The 16th century poet Emilia Bassano is a mystery to many, since much of the history about her life is vague. Whether she was a writer, muse or love interest, Bria Walker, director of the play “Emilia,” said the production is largely a story about a woman’s voice.
“Some believe that she was Shakespeare’s lover and muse. Others believe she’s the one who actually wrote Shakespeare’s works,” Walker said. “No matter what your theory is, this is a story about a woman who fought to make her voice de ella heard.”
Pitt Stages’ “Emilia,” written by Morgan Lloyd Malcom and based on the life of this mysterious woman, will run this weekend on Friday and Saturday at 8 pm and Sunday at 2 pm Performances next week will run Tuesday through Friday at 8 pm, with two performances on Sunday, at 2 pm and 8 pm General admission is $15 per person at the Charity Randall Theater. Attendees are required to show proof of vaccination.
“Emilia” tells the story Emilia Bassano Lanier, a writer of radical feminist poetry who lived during the English Renaissance period in Bishopsgate, London. There is little known about Emilia, though history indicates her works by her are one of the first published collections of poetry written by a woman in England. Historians speculate that Emilia may be the “Dark Lady” of William Shakespeare’s sonnets.
The production features 29 characters played by 18 actresses, who portray different versions of Emilia throughout the play. These versions consist of individuals of varying social classes and interests — including men, women, lords, ladies, peasants, muses and musicians.
The play “Emilia” fills the unknown gaps of Bassano’s life in a sort of mock history play. Walker said the play tells the story of a woman fighting for agency.
“The show is a memory, a dream — a creative historical take on the life of Emilia Bassano Lanier. This show is about agency,” Walker said. “It gives voice to a woman whose life has been told by others, particularly men.”
Jamiya Forna, a sophomore international area studies and law, criminal justice, and society major, plays Emilia 3. Forna said the story is told from the perspective of an elder Emilia. Emilia 3, the oldest version of Emilia that the audience sees, shares the story of her life with the audience.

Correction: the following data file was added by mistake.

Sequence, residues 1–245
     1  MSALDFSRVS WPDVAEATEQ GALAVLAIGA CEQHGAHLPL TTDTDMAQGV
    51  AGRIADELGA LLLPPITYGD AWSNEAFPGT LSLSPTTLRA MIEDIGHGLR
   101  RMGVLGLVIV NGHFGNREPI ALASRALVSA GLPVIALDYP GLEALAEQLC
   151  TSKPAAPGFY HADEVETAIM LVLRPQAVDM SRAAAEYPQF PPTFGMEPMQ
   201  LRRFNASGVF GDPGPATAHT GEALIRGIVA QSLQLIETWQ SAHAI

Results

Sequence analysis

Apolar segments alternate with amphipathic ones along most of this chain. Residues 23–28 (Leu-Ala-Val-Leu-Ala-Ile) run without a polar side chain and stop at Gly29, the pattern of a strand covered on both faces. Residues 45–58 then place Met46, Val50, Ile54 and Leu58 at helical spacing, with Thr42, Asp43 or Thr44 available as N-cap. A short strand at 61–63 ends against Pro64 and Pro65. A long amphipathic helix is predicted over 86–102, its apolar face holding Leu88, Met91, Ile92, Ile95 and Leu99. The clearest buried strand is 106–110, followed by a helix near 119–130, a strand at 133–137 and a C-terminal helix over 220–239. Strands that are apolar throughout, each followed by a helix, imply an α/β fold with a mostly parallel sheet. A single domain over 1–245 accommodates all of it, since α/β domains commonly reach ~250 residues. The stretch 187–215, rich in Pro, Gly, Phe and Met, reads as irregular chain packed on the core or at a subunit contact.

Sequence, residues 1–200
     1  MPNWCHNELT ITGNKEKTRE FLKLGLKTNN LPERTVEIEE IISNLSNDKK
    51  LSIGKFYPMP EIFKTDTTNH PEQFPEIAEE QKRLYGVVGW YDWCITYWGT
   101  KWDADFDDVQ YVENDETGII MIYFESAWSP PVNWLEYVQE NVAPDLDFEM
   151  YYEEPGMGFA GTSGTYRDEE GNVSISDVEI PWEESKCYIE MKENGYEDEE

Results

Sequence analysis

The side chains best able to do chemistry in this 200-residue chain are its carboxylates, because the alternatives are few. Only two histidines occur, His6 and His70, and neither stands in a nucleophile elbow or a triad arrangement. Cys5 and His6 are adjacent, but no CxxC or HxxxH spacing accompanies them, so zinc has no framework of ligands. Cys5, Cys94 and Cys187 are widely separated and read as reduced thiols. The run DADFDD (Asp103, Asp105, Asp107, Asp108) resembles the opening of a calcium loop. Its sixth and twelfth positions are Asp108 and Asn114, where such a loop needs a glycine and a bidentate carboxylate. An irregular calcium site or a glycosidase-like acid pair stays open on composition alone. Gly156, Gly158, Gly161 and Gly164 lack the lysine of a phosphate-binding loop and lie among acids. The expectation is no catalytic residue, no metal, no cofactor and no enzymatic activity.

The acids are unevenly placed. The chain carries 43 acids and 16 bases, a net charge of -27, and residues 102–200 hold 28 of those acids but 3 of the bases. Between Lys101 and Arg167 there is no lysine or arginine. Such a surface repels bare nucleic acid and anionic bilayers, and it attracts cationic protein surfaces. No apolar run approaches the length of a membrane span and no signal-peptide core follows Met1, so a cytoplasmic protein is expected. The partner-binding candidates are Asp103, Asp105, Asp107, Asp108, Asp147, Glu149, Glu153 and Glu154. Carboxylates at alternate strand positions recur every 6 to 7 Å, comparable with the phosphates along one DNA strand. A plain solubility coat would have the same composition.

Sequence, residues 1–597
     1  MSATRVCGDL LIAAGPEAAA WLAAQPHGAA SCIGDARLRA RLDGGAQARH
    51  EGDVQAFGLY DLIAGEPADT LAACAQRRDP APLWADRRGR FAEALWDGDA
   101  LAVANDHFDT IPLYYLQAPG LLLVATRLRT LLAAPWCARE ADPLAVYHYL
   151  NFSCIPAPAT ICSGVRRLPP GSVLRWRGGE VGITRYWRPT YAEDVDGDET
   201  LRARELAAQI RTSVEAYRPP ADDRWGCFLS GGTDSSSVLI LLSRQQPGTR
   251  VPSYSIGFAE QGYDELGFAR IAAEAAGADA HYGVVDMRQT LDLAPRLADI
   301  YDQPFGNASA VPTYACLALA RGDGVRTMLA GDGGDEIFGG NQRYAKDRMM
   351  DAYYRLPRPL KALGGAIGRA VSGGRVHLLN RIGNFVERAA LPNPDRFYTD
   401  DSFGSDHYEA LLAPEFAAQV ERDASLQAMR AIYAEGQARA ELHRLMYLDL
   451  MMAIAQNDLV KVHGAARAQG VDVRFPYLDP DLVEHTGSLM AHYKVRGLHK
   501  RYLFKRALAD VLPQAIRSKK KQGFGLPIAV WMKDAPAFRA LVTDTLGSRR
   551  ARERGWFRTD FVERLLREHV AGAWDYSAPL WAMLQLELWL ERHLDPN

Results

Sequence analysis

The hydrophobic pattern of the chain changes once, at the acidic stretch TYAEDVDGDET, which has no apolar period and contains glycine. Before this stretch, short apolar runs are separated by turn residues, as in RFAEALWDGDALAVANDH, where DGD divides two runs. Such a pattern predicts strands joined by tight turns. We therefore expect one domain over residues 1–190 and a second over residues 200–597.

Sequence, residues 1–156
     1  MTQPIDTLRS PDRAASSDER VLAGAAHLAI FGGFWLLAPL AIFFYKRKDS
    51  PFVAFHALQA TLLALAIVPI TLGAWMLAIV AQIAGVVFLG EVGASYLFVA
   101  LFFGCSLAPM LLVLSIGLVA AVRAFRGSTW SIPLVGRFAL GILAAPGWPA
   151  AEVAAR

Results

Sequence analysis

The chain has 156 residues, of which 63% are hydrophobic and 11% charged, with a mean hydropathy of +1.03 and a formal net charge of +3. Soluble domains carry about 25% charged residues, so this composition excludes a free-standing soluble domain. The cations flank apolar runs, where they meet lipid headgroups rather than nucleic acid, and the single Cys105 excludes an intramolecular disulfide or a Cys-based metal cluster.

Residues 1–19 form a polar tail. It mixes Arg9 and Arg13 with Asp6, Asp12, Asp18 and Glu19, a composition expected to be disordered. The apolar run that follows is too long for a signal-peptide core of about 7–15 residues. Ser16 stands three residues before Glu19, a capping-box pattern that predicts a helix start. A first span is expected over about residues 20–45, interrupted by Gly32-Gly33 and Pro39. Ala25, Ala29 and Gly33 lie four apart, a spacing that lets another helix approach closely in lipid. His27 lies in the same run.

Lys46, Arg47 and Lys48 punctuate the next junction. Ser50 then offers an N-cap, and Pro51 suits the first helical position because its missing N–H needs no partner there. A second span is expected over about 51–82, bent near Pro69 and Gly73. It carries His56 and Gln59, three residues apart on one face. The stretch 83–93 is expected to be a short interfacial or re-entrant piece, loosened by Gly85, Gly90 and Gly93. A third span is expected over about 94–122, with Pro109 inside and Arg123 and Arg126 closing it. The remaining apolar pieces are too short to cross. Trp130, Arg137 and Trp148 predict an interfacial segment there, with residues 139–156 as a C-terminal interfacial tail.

“In her retelling, she utilizes younger versions of herself and portrays the important moments that they shared with the many people that made her who she is,” Forna said. “All these people who have impacted her life in the show have vastly different personalities and opinions but all work together to highlight what Emilia 3 has decided is vital for people to know.”
Hailey Brownley, a first-year theater arts and psychology double major, plays the roles of Lord Henry Carey, Emilia’s love interest, and Judith, a fictional friend of Emilia. She said the show highlights a few of her favorite themes of hers, such as sexism during the time period.
“It depicts the journey of sexism towards women, and honestly any non-cisgender male-identifying humans, which we are still working on today,” Brownley said. “It tells the story of the incredible, real-life, overlooked poet.”
According to Walker, the characters seen in “Emilia” show a wide range of emotions and the roles require the actresses to be versatile.
“Their roles span from being hilarious to incredibly serious. This show requires each actress to be versatile and courageous,” Walker said.
Stage manager Shamus Bonner, a junior theater arts major, said the play does an excellent job at showing its many interpretations of Emilia.
“As the story progresses through her life, we see her transition from her youngest self Emilia 1, to Emilia 2 in the middle of her life, then we end with Emilia 3, which is such a unique way to tell a semi-biographical story. such as this,” Bonner said.
Lena Ruther, a sophomore theater arts and English literature double major, is part of the ensemble. Ruther said the characters she portrays work against Emilia and fuel her to fight for women’s rights.
“I do a lot of background work in the show,” Ruther said. “My characters are basically terribly racist and sexist men that Emilia encounters and that fuel her resistance and protest to the mistreatment of women.”
According to Forna, throughout the rehearsal process, the cast worked to develop their complex characters by working with a choreographer and asking questions about the text, such as what society would be like during the Renaissance era and how women were treated. Forna said the cast also worked with a dialect coordinator to achieve specific accents of the time.
As the production came together, the cast began to wear traditional Renaissance skirts to get into character. Forna said the cast spent a lot of time in costume skirts to learn how to move in them.
“We started wearing the base layer of our costumes which are corsets and hoop skirts to become better accustomed to them and learn how to move in them,” Forna said. “It was an adjustment, to say the least, but every time they tied into my corset I felt more in touch with my character.”
Bonner said the result of everyone’s work is a production unlike others.
“This is the most unique show I’ve had the opportunity to work on,” Bonner said. “I don’t want to give too much away, but I think the script and production breaks a lot of new ground and is something unlike anything people have seen, especially for a college production.”